He predicted more jobs will be created to meet the increased demand but said it is unlikely any new processing plants will be built for the next five years or so because existing facilities are operating below capacity.

Although Delaware's poultry exports to Colombia are relatively low at present, the pact with that country has good potential for growth because of Colombia’s vigorous economy which has grown by five per cent in the last 18 months, Dr Awokuse said.

"Whenever the economy is growing like that, food exports will grow much faster," he added.

According to Delaware First, under the agreement, Colombia will immediately eliminate a system of variable levies that result in tariffs as high as 209 per cent for US poultry exporters. The country will also immediately eliminate a 20 per cent duty on chicken leg quarters through a 27,040-metric ton tariff-rate quota (TRQ) that increases four per cent annually.

It will also phase out the 164 per cent over-quota tariff for fresh, chilled and frozen leg quarters and the 70 per cent over-quota tariff for processed leg quarters, over 18 years, with no reductions during the first six years of the agreement.

In Panama, where US farm products face an average tariff of 15 per cent, duties will be eliminated immediately on high-quality beef, frozen turkeys, soybeans, peanuts and other products.

The central American country has imposed a 260 per cent tariff on chicken leg quarters, a duty that has prevented Delaware processors like Mountaire from exporting there but which will now be phased out, helping to create an opportunity for the local industry.

Openings like that will generate an extra $45 million in revenue every year and 185 more poultry jobs in Delaware by 2022, according to the National Chicken Council.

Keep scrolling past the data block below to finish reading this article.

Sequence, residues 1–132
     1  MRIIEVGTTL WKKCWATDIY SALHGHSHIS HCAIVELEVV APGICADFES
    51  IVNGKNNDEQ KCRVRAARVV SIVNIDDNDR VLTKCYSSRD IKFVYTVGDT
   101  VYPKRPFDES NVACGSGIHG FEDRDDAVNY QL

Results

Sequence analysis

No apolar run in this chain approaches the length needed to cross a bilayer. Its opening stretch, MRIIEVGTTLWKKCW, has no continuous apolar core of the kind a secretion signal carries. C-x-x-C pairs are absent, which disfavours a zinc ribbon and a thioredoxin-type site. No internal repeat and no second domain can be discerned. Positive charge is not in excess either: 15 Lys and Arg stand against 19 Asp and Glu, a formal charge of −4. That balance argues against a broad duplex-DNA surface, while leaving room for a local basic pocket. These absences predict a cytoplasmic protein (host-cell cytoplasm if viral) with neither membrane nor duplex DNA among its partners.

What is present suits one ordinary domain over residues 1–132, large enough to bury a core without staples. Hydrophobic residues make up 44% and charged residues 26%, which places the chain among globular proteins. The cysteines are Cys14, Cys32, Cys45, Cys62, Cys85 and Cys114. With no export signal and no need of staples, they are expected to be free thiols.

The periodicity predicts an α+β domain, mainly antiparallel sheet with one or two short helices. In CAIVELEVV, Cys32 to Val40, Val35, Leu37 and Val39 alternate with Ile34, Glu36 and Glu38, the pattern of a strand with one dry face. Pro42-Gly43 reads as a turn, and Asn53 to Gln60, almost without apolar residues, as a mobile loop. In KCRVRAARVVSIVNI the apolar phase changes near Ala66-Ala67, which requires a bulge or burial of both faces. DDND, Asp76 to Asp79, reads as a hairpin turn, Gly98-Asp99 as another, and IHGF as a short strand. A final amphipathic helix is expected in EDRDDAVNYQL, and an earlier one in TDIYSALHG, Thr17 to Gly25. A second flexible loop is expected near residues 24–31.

In a statement, US Senator Tom Carper said: "Right now, our farmers face unbelievably high tariffs to these countries, which means many of them don't export to South Korea, Panama or Colombia. Lower tariffs on our agricultural products will help Delmarva's chicken growers sell more products overseas."

Despite the anticipated boost to farm exports from the new trade pacts, some US workers may lose their jobs if their companies are unable to compete with cheap foreign imports.

To offset such impacts, Senator Carper said he helped to pass a Trade Adjustment Assistance law that helps displaced workers retrain.

Delaware Agriculture Secretary, Ed Kee, said he hopes poultry exports – which currently account for about 15 per cent of revenue – will rise by up to five per cent as a result of the trade deals, with the first signs of progress in the next six to 18 months.

Growers and processors have welcomed the trade deals and are now looking to forge new business relationships or expand existing contracts, he said. "The devil is the details," he added.

But Mr Kee – who previously warned that the Allen bankruptcy likely foreshadows other US poultry failures, perhaps in Delaware – cautioned that expanded export markets will not be a panacea for an industry that has been hard-hit by high feed prices.

In an interview with Delaware First, he said: "I would not see this as a saviour. It certainly helps, and creates new markets. The issue that remains is high feed costs, especially for corn."

Bill Satterfield, executive director of Delmarva Poultry Inc., the industry’s trade group, welcomed the deals as presenting a new opportunity when prices have been depressed by oversupply.

He said: "Any time markets open up around the world, there is the potential to benefit the industry. That helps move prices up."